#5 - the net equity in the new property must be at least as much as in the old property. Net equity in old property is $i million - $85K = $915K.  Net equity in new property must be at least as much as that, and it isn't. Net equity in new property is $1 million - $150 = $850K. 

In order to meet the requirement of #5 in the scenario as written, if a replacement property of exactly $1 million (the same as old property) is to be obtained then the debt can't be more than the $85K, OR if the TP ends up with the higher debt of $150K then a property with FMV of $1,065,000 would need to be purchased in order to have net equity in the new property of the same $915K of property given up.  One way to help avoid this problem is to always trade up and expect to bring some cash to the table for closing.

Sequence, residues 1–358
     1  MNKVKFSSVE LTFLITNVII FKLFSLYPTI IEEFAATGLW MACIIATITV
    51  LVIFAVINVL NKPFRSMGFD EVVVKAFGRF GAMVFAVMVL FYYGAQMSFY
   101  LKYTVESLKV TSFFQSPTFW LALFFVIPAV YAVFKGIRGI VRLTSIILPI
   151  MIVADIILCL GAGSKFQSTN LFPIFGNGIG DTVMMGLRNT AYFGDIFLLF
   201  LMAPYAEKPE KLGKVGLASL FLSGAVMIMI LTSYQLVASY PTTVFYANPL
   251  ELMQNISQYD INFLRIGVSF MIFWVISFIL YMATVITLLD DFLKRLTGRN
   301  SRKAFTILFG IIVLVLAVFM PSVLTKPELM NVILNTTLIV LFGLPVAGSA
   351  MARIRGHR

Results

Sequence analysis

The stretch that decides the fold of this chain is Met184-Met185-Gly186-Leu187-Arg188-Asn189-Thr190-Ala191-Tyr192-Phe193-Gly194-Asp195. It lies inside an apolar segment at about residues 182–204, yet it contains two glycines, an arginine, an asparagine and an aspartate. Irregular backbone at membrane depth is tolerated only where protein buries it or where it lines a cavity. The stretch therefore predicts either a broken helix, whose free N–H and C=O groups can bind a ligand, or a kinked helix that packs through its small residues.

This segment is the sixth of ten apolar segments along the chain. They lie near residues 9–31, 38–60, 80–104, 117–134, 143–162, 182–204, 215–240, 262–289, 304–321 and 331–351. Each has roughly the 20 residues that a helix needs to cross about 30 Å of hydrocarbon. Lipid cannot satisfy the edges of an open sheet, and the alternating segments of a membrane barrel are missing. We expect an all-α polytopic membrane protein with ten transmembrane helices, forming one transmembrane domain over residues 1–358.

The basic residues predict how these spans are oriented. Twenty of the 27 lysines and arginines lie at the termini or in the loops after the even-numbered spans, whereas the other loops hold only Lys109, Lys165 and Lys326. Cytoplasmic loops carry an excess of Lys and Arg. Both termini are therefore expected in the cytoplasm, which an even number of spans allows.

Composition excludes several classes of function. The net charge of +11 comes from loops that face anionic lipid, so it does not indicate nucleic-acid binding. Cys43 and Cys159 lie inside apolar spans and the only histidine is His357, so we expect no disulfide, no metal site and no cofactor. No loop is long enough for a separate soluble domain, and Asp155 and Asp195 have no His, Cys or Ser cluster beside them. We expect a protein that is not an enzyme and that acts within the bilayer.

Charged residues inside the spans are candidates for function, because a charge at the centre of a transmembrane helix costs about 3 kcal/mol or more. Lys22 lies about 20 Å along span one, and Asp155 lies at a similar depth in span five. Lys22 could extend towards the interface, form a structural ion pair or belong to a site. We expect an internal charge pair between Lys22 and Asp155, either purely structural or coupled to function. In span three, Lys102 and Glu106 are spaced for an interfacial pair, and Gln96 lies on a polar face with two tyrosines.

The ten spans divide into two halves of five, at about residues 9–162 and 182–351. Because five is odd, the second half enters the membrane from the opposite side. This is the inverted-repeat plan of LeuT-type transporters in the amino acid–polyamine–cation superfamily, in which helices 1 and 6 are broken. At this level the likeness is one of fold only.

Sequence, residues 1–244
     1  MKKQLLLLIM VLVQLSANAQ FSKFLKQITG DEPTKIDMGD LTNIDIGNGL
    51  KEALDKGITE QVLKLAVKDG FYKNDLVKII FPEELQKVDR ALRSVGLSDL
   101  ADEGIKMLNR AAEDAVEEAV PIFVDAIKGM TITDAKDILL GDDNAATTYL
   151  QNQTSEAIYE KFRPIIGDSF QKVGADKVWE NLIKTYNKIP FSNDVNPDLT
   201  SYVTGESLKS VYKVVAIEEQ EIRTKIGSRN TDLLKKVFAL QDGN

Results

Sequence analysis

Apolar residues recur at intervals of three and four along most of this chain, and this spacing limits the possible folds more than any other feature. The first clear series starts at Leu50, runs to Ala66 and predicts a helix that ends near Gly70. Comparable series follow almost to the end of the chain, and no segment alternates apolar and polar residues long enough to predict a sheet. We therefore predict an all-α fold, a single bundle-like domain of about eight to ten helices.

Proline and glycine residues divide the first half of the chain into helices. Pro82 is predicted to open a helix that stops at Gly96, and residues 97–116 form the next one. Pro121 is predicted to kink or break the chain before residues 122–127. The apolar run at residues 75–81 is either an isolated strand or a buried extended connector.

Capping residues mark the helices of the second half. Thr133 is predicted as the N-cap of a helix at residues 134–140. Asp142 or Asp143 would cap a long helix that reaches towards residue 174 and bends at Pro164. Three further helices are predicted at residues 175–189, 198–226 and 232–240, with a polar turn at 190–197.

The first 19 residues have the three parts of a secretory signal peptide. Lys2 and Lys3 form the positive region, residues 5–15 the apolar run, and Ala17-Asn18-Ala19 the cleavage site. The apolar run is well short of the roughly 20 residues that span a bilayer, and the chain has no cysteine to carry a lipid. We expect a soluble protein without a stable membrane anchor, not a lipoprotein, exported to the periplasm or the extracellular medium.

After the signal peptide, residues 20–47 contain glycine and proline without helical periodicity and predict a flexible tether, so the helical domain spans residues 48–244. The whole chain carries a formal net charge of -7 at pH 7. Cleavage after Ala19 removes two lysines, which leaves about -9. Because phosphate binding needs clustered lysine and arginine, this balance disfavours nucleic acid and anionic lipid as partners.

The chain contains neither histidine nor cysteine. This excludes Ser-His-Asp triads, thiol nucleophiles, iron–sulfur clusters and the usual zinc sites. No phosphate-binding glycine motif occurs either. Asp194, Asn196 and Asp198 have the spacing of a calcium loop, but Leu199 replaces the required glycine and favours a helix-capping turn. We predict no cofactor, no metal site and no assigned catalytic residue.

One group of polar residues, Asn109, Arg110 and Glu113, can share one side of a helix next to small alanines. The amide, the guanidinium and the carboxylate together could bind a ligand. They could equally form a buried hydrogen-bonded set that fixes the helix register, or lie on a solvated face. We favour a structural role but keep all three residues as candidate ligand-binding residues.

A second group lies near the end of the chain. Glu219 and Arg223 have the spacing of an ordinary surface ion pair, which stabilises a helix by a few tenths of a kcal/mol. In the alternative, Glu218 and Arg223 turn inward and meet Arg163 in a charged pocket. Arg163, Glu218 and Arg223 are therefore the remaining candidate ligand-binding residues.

In the fictitious example provided, both properties were the same value but borrowing increased by $65K (150K new borrowing - 85K old borrowing).  Another way to look this same $65K is that that is the decrease in net equity of $915K of the old property to the new one's equity of $850K.  (915-850 = 65K) 

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Thank you Judy - and equity is one thing that hasn't been considered.  I am guilty of ignoring this factor as well.   I apologize for presenting fictitious numbers because I wanted to focus on the invasion of Property 2 of $500,000.  The real numbers are as follows:

Value of Property #1 - $925,000 with $90,000 still owed.  Equity $835,000.  The $90,000 mortgage is NOT being transferred to the new buyer.

Value of Property #2 - $975,000 with $140,000 owed.  Equity #835,000.  Taxpayer has to borrow the $140,000 to keep from investing more cash.